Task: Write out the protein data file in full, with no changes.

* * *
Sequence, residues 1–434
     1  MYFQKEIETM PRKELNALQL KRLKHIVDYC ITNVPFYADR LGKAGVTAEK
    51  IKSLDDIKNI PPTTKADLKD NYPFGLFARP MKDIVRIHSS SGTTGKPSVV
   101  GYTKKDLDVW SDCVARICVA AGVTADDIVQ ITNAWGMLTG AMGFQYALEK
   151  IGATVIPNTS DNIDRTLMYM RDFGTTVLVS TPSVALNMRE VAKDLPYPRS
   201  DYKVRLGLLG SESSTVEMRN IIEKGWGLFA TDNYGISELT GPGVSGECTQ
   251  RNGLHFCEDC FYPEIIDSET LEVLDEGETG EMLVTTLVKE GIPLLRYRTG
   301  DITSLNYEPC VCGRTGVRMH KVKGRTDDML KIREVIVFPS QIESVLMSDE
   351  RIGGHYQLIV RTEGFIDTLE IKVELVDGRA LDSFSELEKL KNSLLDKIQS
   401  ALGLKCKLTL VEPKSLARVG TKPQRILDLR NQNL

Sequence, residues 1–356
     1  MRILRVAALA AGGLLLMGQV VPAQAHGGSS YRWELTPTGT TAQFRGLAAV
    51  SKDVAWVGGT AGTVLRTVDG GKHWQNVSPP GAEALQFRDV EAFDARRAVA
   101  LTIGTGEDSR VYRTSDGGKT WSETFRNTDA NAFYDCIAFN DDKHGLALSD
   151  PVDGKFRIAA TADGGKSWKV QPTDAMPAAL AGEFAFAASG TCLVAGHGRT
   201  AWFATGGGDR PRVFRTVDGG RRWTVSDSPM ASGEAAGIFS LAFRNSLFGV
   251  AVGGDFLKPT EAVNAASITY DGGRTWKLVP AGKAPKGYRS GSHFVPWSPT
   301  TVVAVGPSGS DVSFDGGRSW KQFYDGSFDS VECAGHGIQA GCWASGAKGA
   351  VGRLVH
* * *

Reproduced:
Sequence, residues 1–434
     1  MYFQKEIETM PRKELNALQL KRLKHIVDYC ITNVPFYADR LGKAGVTAEK
    51  IKSLDDIKNI PPTTKADLKD NYPFGLFARP MKDIVRIHSS SGTTGKPSVV
   101  GYTKKDLDVW SDCVARICVA AGVTADDIVQ ITNAWGMLTG AMGFQYALEK
   151  IGATVIPNTS DNIDRTLMYM RDFGTTVLVS TPSVALNMRE VAKDLPYPRS
   201  DYKVRLGLLG SESSTVEMRN IIEKGWGLFA TDNYGISELT GPGVSGECTQ
   251  RNGLHFCEDC FYPEIIDSET LEVLDEGETG EMLVTTLVKE GIPLLRYRTG
   301  DITSLNYEPC VCGRTGVRMH KVKGRTDDML KIREVIVFPS QIESVLMSDE
   351  RIGGHYQLIV RTEGFIDTLE IKVELVDGRA LDSFSELEKL KNSLLDKIQS
   401  ALGLKCKLTL VEPKSLARVG TKPQRILDLR NQNL

Sequence, residues 1–356
     1  MRILRVAALA AGGLLLMGQV VPAQAHGGSS YRWELTPTGT TAQFRGLAAV
    51  SKDVAWVGGT AGTVLRTVDG GKHWQNVSPP GAEALQFRDV EAFDARRAVA
   101  LTIGTGEDSR VYRTSDGGKT WSETFRNTDA NAFYDCIAFN DDKHGLALSD
   151  PVDGKFRIAA TADGGKSWKV QPTDAMPAAL AGEFAFAASG TCLVAGHGRT
   201  AWFATGGGDR PRVFRTVDGG RRWTVSDSPM ASGEAAGIFS LAFRNSLFGV
   251  AVGGDFLKPT EAVNAASITY DGGRTWKLVP AGKAPKGYRS GSHFVPWSPT
   301  TVVAVGPSGS DVSFDGGRSW KQFYDGSFDS VECAGHGIQA GCWASGAKGA
   351  VGRLVH